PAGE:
The competition to finance infrastructure projects and expand global influence between the U.S. and China is taking on a new dimension as countries address adverse effects of climate change.
The U.S. International Development Finance Corporation (DFC) has repeatedly stressed that the U.S. efforts are markedly different from China’s Belt and Road Initiative (BRI).
“The DFC is very affirmatively seeking to provide an alternative to the type of financing that China provides through its Belt and Road Initiative,” Jake Levine, chief climate officer at the DFC, told Yahoo Finance Live (video above). “China has engaged in certain development finance practices that are more in line with the type of practices that you see coming from authoritarian governments, you see other recipient governments oftentimes pressured to take … sort of debt-trap financing.”
Launched in 2019, the DFC partners with the private sector to develop projects that address needs in developing countries through debt financing, project financing, and equity investments. The agency currently plays a key role in the Biden administration’s climate ambitions.
Under Biden, the DFC has committed to doubling down on climate-related solutions by increasing its climate-focused investment to 33% of new investments beginning in 2023. Levine noted that projects financed by the DFC include investments in climate mitigation, adaptation, and resilience in developing countries.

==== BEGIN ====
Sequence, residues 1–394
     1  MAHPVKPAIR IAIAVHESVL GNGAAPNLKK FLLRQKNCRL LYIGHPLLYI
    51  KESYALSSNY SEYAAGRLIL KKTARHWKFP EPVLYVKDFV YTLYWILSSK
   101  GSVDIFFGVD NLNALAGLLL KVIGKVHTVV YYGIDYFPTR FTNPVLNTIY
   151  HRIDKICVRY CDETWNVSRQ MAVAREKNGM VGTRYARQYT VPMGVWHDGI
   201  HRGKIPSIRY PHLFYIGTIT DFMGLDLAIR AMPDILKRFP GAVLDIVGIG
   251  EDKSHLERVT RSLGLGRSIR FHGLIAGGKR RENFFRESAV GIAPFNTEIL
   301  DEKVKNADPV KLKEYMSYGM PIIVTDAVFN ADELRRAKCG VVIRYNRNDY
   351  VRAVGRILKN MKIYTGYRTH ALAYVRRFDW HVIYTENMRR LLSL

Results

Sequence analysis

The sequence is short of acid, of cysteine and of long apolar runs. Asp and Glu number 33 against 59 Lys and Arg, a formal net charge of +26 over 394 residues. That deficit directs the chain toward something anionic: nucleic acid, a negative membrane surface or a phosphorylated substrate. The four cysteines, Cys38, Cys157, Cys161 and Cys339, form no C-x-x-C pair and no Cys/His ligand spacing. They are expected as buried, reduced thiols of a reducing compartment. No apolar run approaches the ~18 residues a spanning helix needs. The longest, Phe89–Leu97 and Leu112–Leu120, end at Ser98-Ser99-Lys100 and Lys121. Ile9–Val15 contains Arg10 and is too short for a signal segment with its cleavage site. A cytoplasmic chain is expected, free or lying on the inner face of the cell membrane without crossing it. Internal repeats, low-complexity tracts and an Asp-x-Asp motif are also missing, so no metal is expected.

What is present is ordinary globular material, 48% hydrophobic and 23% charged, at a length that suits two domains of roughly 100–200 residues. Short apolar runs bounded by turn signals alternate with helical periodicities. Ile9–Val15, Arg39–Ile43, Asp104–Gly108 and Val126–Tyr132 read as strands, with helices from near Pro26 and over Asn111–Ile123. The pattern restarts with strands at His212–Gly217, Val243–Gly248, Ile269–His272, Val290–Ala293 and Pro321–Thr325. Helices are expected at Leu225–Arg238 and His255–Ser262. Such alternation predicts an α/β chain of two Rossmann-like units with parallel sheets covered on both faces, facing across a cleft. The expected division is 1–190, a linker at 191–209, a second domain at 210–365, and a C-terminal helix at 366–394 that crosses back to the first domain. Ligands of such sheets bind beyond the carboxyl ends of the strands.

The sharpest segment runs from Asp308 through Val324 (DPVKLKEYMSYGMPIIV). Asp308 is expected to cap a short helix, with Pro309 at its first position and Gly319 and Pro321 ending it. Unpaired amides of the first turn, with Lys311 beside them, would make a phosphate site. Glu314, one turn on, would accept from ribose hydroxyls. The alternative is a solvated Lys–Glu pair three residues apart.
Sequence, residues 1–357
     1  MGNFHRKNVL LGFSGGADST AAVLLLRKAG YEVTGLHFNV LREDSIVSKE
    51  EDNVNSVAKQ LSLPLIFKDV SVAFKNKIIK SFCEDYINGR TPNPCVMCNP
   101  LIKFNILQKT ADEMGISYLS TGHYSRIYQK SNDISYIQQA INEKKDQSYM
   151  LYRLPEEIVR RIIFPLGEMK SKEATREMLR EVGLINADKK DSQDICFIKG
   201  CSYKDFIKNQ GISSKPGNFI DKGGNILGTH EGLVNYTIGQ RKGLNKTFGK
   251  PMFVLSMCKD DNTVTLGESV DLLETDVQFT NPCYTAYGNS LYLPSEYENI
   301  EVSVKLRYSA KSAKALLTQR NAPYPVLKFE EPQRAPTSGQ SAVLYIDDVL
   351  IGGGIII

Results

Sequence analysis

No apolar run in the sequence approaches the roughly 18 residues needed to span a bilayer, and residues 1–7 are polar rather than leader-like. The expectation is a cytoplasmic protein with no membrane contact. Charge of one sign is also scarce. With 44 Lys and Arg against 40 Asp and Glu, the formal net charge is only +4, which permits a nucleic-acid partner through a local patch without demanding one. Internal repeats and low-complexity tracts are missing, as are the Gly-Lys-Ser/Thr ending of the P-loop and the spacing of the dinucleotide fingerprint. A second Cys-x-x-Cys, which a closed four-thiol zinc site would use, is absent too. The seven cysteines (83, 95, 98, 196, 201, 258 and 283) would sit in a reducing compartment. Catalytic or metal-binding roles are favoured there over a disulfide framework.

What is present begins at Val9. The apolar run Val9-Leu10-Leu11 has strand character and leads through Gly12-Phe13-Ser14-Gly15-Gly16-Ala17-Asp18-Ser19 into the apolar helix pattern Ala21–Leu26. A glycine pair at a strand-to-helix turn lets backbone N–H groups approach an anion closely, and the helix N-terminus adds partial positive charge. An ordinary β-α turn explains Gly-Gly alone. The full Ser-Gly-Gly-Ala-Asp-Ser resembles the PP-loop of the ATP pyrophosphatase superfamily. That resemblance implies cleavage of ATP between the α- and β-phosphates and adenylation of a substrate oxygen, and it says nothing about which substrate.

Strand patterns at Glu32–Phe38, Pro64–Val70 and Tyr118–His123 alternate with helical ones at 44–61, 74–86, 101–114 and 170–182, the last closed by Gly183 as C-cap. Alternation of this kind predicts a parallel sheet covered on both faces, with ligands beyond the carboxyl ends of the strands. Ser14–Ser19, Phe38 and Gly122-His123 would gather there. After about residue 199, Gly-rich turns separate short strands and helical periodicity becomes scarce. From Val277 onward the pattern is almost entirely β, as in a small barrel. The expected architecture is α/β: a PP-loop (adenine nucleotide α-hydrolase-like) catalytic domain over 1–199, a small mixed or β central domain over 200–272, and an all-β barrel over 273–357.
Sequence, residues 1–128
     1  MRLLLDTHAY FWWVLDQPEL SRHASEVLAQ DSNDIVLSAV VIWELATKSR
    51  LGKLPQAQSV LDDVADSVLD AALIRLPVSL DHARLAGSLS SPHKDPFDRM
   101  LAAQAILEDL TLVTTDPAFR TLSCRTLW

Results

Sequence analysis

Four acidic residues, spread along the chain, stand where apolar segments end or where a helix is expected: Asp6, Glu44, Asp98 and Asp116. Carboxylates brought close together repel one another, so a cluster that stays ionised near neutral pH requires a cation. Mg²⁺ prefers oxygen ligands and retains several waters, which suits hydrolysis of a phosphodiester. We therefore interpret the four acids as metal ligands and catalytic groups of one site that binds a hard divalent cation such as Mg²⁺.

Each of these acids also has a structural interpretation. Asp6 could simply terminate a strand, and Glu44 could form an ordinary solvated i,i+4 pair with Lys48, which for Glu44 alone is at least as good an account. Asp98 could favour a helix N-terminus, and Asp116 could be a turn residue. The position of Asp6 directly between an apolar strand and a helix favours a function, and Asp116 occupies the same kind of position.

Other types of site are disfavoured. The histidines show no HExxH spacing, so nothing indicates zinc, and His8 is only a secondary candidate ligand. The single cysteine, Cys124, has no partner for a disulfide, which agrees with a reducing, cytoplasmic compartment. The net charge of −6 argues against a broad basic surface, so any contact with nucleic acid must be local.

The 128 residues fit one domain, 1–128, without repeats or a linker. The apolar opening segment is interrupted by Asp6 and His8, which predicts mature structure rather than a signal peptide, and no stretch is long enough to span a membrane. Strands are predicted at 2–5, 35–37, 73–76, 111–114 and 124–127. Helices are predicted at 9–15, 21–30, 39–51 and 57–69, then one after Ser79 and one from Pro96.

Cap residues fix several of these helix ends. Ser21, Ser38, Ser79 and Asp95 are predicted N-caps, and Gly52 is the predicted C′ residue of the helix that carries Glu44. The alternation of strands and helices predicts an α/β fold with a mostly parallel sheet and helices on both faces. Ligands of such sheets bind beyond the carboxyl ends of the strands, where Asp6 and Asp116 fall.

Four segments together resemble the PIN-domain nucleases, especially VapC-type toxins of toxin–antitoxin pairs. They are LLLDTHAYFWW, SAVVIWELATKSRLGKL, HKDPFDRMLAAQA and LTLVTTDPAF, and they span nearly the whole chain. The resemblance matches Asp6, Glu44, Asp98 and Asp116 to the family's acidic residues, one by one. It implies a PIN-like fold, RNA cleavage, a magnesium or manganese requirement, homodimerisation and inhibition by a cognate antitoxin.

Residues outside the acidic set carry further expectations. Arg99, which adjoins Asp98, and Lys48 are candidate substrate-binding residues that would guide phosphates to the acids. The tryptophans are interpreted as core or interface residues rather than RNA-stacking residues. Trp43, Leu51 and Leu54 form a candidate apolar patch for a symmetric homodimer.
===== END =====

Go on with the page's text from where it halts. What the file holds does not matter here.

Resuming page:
“We’re now seeing that the market is clearly headed towards clean energy,” Levine said, adding that the DFC is hoping to accelerate that transition “in the markets where it’s hardest to do and where it’s been the slowest so far because of various market-specific risks.”
Levine added that developing countries are increasingly accepting the U.S. offer to provide an alternative to China’s investment vehicles.
“The U.S. government is working with… the G7 and providing a values-based alternative focus on sustainability — not just on climate sustainability — but also financial sustainability, and focused on making investments that are ultimately good for the countries where we are providing investment,” Levine said. “That includes bringing up basic environmental and social and labor standards in line with American values.”
A recent report from the UN’s Intergovernmental Panel on Climate Change (IPCC) unequivocally blamed human activity for warming temperatures that have triggered extreme weather events. While the U.S. and China remain the biggest emitters of greenhouse gases, the impact of those emissions has fallen most heavily on debt-distressed nations that don’t have the financial backing to invest in clean energy.
President Biden has already vowed to double U.S. international climate finance in the next three years and triple funding for adaptation. Earlier this year, the Group of Seven (G7) leaders announced a new initiative called Build Back Better World (B3W) to better compete with China when it comes to funding the world’s infrastructure needs.
“The Biden administration has really focused its efforts overseas in ensuring that the U.S. is playing a leadership role,” Levine said, “both within the context of the [United Nations Framework Convention on Climate Change] and the COP26 meetings coming up in Glasgow, and also more broadly through the G7 and the G20.”
Akiko Fujita is an anchor and reporter for Yahoo Finance. Follow her on Twitter @AkikoFujita